2011;127(2):25e–34e
Smartt JM Jr, Low DW, Bartlett SP. The
pediatric mandible: II. Management
of traumatic injury or fracture. Plast
Reconstr Surg 2005;116(2):28e–41e
Tessier P. The classic reprint.
experimental study of fractures of
the upper jaw I and II. René Le Fort,
M.D. Plast Reconstr Surg
1972;50(5):497–506
Tessier P. The classic reprint:
experimental study of fractures of
the upper jaw. 3. René Le Fort,
M.D., Lille, France. Plast Reconstr
Surg 1972;50(6):600–607
Zide MF, Kent JN. Indications for open
reduction of mandibular condyle
fractures. J Oral Maxillofac Surg
1983;41(2):89–98
23 Ear Reconstruction
Reviewed by Reza Jarrahy

Ear Anatomy
• External ear (Fig. 23.1)
Pinna or auricle: outer ear
Helix: peripheral prominent rim
extending from concha to lobule
Antihelix: prominence anterior to
helical rim
Superior crus: superior division of
antihelix
Inferior crus: inferior division of
antihelix
Triangular fossa: depression
between superior and inferior crus
Scapha: depression between helix
and antihelix
Concha: depression anterior to
antihelix, divided by root of helix
Cavum concha: concha inferior to
root of helix
Cymba concha: concha superior to
root of helix
Tragus: cartilage ridge anterior to
external auditory meatus, opposite
to antitragus
Antitragus: cartilage ridge opposite
to tragus
Intertragus notch: depression
between tragus and antitragus,
superior to the lobule
Lobule: soft tissue on inferior of
auricle
• Arteries
Posterior auricular artery: primary
supply
Occipital artery
Superficial temporal artery
• Nerves
Great auricular nerve (GAN): can
injure during neck dissection,
supplies lower lateral and lower
cranial ear
Fig. 23.1 Structure of the auricle. (From
Gilroy AM, MacPherson B, Ross L. Atlas of
Anatomy. New York, NY: Thieme; 2009. Used
with Permission.)

Auriculotemporal nerve (cranial


nerve V3): superior lateral ear,
anterior superior external auditory
meatus
Lesser occipital nerve: superior
cranial ear
Arnold nerve (cranial nerve X):
conchal bowl and posterior
auditory canal; ring block would
not anesthetize this nerve without
direct infiltration
• Embryology of external ear
First branchial arch: three anterior
hillocks form tragus, helical root,
and superior helix
Second branchial arch: three
posterior hillocks form antitragus,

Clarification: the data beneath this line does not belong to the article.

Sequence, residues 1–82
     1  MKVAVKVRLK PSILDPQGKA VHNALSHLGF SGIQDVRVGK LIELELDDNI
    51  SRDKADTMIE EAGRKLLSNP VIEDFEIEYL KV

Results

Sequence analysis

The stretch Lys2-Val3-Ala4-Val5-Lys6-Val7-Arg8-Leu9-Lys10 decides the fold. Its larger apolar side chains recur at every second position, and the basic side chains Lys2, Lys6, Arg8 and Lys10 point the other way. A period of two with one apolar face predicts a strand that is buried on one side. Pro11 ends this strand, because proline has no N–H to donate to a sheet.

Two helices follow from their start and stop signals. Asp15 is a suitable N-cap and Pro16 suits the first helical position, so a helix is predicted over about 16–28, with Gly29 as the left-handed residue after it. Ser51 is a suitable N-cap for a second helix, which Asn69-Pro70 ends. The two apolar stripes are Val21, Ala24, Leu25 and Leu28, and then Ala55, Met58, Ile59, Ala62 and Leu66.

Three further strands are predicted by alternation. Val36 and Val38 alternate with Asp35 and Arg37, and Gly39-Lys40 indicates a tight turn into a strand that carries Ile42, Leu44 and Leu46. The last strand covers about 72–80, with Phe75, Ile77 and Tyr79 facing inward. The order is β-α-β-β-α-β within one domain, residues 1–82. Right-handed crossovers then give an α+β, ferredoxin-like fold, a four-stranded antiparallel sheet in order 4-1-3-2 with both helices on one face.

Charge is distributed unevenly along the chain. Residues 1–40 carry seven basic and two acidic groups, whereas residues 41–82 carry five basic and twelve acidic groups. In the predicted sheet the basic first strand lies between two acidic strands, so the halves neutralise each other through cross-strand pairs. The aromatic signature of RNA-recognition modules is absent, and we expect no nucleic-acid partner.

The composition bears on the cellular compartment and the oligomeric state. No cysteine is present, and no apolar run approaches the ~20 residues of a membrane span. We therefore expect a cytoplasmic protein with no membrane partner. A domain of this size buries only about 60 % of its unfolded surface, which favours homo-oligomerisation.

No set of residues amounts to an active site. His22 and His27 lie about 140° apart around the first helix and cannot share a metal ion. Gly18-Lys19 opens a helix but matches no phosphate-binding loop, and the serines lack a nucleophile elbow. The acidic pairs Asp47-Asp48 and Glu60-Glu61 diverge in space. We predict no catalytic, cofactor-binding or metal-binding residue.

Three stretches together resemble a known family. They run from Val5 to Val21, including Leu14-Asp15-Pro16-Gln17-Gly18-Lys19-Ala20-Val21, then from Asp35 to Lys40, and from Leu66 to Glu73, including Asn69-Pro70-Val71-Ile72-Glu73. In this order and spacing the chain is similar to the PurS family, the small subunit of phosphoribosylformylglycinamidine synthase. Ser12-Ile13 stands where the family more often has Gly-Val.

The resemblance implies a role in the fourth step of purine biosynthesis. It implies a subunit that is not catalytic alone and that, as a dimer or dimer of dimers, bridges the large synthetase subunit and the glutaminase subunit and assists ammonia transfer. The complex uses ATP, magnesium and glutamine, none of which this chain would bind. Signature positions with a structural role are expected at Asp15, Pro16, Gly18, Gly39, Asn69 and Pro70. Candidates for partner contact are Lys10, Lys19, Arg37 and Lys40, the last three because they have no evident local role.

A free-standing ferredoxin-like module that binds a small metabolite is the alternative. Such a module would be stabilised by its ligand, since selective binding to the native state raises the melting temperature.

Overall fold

inferior helix, and lobule
First branchial groove: forms
external auditory meatus
Microtia
• Epidemiology
Incidence: 1/7,000 births
Craniofacial microsomia:
unilateral or bilateral microtia
Treacher Collins: bilateral
microtia
Goldenhar syndrome: also called
oculoauricular vertebral syndrome
(OAVS), includes microtia,
epibulbar dermoids, and vertebral
anomalies
• Types
Varying degrees from small ear to
anotia
Lobular type: only lobule present
Conchal type: conchal bowl,
tragus, antitragus, and lobule
present
Anotia: complete absence of
middle and external ear
• Meurmann classification of microtia
Grade I: small malformed ear, all
components present
Grade II: partial absence of
recognizable structures
Grade III: complete absence of
auricular components, remnant
usually lobule
• Ear reconstruction options for
microtia
Autologous costal cartilage
Alloplastic implant
Silicone or porous polyethylene
(Medpor)
Reinisch initially had 44%
infection rate with Medpor
implants, infection rate was
reduced by adding a TPF flap
Osteointegrated auricular
prosthesis
Difficult compliance with
children because they are too
active to keep attached, may
lose it, and may not care for it
Salvage for autologous and
implant technique failure
Useful if no local tissue to cover
autologous or alloplastic
construct
Indicated in elderly with medical
comorbidities, anesthetic risks,
and calcified costal cartilage
that is too brittle for autologous
reconstruction
• Hearing in microtia
Hearing aids used in patients with
functioning inner ear cochlea
Bone conduction hearing aids at 6
to 12 months in patients with
bilateral microtia before ear
reconstruction
Bone anchored hearing aids
(BAHAs) placed after external ear
reconstruction in patients with
bilateral microtia
Aural atresia repair: ear canal
created after external ear
reconstruction when indicated per
temporal bone computed
tomographic scan, may assist
hearing and improve cosmesis

Autologous Ear
Reconstruction (Table 23.1)
• Technical details of autologous ear
reconstruction
Remove vestigial cartilage at
initial stage from same incision
used to place framework
Closed suction drains promote skin
adherence to cartilage construct
Bulky gauze dressing to avoid skin
necrosis due to compression
Elevation combined with local
fascial flap (TPF or retroauricular
fascial flap) and skin graft
Tragus formed with costal cartilage
(Nagata technique), or with
composite chrondrocutaneous
conchal graft from contralateral
ear (Brent technique)
Remove hair over construct with
electrolysis, laser, or direct
follicular excision
• Complications of autologous ear
reconstruction
Skin necrosis without cartilage
exposure: treat conservatively,
allow skin to heal secondarily,
topical local wound care, let